I often get comments about the topics selected for inclusion in the Brigham Young University Family History Library Webinar project. The comments usually focus on the process of coming up with new topics. Some of the selections (here I am speaking entirely for my own presentations) seem to be generally of interest to genealogists and some, like the webinar above, seem to be aimed a very narrow audience.
The webinar on Beginning Danish Research focuses on the issue of identifying the exact place where an event occurs in an ancestor's (or relative's) life. This is a basic principle of genealogical research. Failure to properly identify the location of an event and then assuming that the information found is applicable to your ancestor is the basis for the very common "the same name = the same person" errors that are rampant in online family trees. It will be somewhat rare when one of my videos, even those that are seemingly of limited interest does not involve a topic of general application.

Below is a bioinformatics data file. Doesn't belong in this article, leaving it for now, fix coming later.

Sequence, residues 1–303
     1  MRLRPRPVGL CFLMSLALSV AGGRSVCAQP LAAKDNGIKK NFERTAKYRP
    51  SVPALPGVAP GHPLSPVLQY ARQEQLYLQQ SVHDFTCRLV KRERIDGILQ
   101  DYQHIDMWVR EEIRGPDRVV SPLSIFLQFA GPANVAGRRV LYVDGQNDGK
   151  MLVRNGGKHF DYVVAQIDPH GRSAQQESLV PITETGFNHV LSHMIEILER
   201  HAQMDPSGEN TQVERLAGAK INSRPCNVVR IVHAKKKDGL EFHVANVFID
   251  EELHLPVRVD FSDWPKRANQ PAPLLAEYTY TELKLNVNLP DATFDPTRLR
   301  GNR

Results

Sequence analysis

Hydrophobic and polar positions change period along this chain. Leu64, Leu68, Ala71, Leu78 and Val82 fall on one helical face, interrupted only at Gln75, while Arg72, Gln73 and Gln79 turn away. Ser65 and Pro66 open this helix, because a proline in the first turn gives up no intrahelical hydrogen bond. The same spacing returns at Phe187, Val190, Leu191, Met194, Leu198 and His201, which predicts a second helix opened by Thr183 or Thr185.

The entire theme of my webinar presentations is fostering an increased accuracy in genealogical research. The secondary theme is expanding the focus of that same research from names, dates, and places to placing the individual and family in the greater historical context.
Many of the shorter videos from the BYU Family History Library are directed at teaching the missionaries (volunteers) who work in the Library. They may seem to have limited focus, but the idea is to increase the general knowledge and competence of the volunteer missionaries. This is a good goal for anyone involved in genealogical research and especially applicable to those who are helping others.
Personally, I will never run out of topics. There is way too much to say and there is always something to talk about.